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"Elements of Nature" Exhibition to Close at the Frederick R. Weisman Museum
The ancients believed that the world consisted of four elements: earth, air, fire, and water. Although they have been replaced by modern scientific elements, these four essential states have continued to inspire artists. Since Aug. 22 an exhibition has been on display at the Frederick R. Weisman Museum with works of art reflecting how the four elements continue to have meaning in our lives. Titled "Elements of Nature," the exhibition will come to an end on Sunday, Dec. 6.
The theme of nature's elements has particular relevance in California where artists often turn to the outdoors for inspiration. Joe Goode's iconic Torn Sky series from the 1970s embodies the contradictions of life in sunny but smog-filled Los Angeles. Ed Ruscha's witty images of letters floating in the air were inspired by the grandeur of the California sky. Los Angeles Light and Space artists Jack Goldstein and Lita Albuquerque create images based on the infinity of space and time.
While many of the artists in the exhibition are from California, the roster is international and also includes painters such as the German Torben Giehler who creates mosaic topographical patterns based on the earth's surface. The artists featured in the exhibition include: Lita Albuquerque, Peter Alexander, Charles Arnoldi, Joe Goode, Marina Kappos, Greg Miller, Andy Moses, and Edward Ruscha, among others.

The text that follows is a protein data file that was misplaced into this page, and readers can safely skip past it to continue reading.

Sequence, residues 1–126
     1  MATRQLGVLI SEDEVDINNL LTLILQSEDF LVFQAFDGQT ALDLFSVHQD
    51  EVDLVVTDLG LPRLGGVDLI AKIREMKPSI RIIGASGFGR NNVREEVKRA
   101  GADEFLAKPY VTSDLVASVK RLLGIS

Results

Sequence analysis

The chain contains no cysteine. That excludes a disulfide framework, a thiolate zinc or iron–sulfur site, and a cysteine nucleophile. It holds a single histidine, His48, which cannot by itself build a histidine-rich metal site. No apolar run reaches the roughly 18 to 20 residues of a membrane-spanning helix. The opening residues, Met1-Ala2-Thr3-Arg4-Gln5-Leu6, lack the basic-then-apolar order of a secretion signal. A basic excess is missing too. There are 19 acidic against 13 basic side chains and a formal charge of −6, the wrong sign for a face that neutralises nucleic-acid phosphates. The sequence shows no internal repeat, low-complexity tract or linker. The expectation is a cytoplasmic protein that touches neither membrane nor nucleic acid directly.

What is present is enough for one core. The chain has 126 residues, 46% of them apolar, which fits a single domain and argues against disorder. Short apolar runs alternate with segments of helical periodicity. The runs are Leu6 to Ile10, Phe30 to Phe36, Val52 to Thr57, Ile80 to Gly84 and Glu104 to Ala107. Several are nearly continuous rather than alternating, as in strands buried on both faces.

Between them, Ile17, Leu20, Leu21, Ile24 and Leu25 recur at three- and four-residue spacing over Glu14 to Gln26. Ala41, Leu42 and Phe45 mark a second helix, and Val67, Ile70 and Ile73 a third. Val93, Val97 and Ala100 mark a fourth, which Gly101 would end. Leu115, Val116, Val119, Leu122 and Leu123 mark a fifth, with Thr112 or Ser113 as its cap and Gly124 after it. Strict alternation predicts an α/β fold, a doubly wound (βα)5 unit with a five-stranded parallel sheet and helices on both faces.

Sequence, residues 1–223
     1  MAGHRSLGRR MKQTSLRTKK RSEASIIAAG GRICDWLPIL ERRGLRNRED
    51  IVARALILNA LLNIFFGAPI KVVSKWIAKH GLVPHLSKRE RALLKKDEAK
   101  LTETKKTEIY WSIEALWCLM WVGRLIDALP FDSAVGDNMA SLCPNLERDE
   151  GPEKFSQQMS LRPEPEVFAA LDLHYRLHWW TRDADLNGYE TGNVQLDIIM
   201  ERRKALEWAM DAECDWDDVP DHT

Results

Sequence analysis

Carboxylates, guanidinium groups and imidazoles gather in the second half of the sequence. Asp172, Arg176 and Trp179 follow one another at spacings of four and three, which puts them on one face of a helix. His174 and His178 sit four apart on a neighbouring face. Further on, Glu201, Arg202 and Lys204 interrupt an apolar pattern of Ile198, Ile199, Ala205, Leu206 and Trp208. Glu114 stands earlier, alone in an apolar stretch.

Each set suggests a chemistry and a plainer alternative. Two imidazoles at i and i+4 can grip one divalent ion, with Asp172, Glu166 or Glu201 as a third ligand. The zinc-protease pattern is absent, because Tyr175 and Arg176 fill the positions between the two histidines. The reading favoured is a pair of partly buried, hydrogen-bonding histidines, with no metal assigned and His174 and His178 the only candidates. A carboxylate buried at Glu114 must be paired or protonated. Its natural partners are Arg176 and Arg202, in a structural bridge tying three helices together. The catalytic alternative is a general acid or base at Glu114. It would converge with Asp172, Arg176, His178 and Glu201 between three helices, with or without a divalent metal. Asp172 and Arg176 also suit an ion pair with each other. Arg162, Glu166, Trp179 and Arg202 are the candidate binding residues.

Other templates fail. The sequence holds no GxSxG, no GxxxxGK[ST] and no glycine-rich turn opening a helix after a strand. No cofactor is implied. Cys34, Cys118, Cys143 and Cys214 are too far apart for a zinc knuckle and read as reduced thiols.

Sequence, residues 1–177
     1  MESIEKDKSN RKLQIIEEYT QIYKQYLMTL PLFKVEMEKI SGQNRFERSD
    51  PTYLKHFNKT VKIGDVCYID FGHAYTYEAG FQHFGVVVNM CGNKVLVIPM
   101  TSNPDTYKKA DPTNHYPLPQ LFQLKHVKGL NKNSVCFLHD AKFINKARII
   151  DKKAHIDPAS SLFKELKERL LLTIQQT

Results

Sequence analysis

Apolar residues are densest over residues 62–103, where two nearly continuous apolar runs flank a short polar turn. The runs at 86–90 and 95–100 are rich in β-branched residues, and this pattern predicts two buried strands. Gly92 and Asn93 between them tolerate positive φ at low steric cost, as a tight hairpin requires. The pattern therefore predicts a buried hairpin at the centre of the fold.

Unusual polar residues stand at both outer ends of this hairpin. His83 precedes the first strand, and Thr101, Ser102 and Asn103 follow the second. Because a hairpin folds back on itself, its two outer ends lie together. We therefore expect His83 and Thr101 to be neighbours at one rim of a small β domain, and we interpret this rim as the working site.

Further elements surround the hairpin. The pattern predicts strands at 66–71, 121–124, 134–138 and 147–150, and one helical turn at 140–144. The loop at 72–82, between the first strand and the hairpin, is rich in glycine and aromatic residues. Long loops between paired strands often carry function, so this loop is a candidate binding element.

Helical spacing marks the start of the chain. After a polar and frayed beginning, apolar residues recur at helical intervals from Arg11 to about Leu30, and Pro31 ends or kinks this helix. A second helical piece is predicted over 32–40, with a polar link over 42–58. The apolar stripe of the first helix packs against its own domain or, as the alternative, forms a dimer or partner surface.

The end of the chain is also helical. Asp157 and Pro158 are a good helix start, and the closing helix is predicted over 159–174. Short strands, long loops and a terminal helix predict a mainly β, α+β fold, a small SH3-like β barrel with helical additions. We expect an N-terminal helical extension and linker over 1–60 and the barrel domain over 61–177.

The selections are taken from the Frederick R. Weisman Art Foundation. Starting in the 1950s, Frederick Weisman began collecting a remarkable group of masterpieces of modern and contemporary American and European art. He demonstrated great vision by acquiring examples of Abstract Expressionism and Pop Art long before these movements became popular. Since the death of Frederick R. Weisman, his foundation has continued to collect work by new and young artists, fulfilling Weisman's desire to leave a living legacy to the public
The exhibit runs until December 6. The Frederick R. Weisman Museum is open Tuesday through Sunday, 11 a.m. to 5 p.m., and is closed on Mondays and major holidays. There is no admission charge.
For more information about the exhibit, please contact the Center for the Arts at (310) 506-4851, or visit the Weisman Museum Web site.